Knowledge brokering to enhance the impact of academic research on public policy
Canadian academic research in all disciplines is among the best in the world but Canada is not extracting full social and economic value from this research. Connecting campuses with local and global communities will provide an important means to maximize the return on government investments in university research. We call this knowledge mobilization. Knowledge mobilization maximizes the economic and social impacts of research by supporting collaborations throughout the research process from inception to impact.
Collaborations are the key to maximizing the economic and social impacts of university research. In the normal course of their scholarly endeavours, academic researchers generally don’t make public policy, they don’t make products for sale and they don’t deliver social services. If we want research to have an even greater impact on the lives of citizens we need to collaborate with partners from government agencies, industry and social service sectors who will be able to translate research and expertise into new policies, products and services.
York University (Toronto, Canada) recently hosted a panel titled “Building collaborations between government and academia to inform public policy”. The panel discussion, which took place at the recent Canadian Science Policy Conference in Halifax, was a pre-cursor to exploring how universities in Canada might facilitate knowledge brokering, supported by knowledge mobilization and research partnership offices on campuses across Canada.
Four panelists joining the discussion included:
Christine Tausig Ford, Vice-President and Chief Operating Officer, the Association of Universities and Colleges Canada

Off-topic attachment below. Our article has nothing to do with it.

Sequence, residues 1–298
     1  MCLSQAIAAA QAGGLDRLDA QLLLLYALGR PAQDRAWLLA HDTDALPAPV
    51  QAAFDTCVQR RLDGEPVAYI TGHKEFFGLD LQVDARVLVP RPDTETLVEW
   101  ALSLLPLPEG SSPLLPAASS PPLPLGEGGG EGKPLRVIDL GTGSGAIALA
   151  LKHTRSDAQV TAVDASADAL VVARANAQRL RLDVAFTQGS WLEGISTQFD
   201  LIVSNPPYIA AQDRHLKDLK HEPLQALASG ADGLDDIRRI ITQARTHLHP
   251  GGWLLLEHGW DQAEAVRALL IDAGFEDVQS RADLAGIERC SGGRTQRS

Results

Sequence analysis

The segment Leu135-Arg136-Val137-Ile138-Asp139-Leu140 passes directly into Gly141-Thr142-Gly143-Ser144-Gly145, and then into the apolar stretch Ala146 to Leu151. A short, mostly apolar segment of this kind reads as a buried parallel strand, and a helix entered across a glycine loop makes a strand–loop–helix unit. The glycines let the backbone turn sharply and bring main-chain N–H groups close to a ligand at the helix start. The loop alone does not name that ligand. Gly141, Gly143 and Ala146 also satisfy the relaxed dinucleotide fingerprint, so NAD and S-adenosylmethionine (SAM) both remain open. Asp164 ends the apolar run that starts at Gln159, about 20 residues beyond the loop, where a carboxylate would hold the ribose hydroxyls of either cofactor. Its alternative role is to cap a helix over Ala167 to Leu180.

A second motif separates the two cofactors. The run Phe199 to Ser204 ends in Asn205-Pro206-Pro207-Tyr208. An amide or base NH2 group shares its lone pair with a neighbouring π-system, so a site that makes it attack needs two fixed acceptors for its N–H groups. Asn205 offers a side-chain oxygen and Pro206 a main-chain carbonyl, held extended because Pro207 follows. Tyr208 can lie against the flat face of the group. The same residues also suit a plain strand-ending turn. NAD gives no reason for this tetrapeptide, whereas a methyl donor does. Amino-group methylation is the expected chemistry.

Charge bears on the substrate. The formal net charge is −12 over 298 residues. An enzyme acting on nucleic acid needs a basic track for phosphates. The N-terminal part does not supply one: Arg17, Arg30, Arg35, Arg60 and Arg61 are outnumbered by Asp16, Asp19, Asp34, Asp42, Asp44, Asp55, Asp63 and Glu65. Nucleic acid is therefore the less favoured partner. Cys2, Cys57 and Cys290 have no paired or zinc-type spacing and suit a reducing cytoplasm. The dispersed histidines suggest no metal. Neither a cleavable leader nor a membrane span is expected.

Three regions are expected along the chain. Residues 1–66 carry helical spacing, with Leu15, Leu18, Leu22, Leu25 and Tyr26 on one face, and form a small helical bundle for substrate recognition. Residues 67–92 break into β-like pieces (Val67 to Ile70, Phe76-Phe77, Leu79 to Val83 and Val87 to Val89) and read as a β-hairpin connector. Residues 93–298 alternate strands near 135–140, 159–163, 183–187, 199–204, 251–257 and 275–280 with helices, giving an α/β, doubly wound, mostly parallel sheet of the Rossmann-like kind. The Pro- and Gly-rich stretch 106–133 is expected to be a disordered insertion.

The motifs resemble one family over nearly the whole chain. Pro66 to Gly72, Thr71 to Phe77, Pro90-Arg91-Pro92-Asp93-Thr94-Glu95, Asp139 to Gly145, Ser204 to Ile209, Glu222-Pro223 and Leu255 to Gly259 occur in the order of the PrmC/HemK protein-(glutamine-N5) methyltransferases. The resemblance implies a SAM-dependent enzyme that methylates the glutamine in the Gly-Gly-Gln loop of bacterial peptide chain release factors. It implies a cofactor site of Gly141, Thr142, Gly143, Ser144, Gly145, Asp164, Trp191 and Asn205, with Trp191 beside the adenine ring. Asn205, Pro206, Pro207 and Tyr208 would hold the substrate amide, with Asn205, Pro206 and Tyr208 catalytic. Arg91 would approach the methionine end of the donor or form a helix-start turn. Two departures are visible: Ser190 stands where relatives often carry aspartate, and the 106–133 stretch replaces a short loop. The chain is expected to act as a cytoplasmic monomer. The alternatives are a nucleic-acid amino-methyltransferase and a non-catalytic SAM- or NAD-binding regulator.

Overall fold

Neil Gall, Executive Director, MEOPAR Network of Centres of Excellence
Dr. Rainer Engelhardt, Chief Science Officer, Public Health Agency of Canada and
The outcomes of the panel discussion included: engaging student interns as a key tool for creating relationships between the federal civil service and academic researchers and recognizing that the “systems” of policy and research need to enable collaborations between federal and academic scientists, while finding a way to address systemic/structural barriers to collaborations.
Other points of interest included the possibility of incorporating senior personnel exchanges to help raise awareness of the cultural differences between the academic environment and administrative environment and to create a shared understanding of the potential for research impact on federal policy, and the recommendation to create structured policy dialogues to increase awareness and to explore creative forms of partnerships.
The session provided strong feedback on the opportunities presented by closer relationships between federal policy makers and academic researchers, creating an opportunity for researchers across Canada to consider undertaking collaborations that will help to maximize the policy impacts of university research.
Universities have a key role to play in informing the debate around public policies from all disciplines but we can only do that if we partner with those government departments and agencies actually making public policy. The panel at CSPC was a first conversation towards a more structured and ongoing dialogue between academic research and policy makers to help Canadian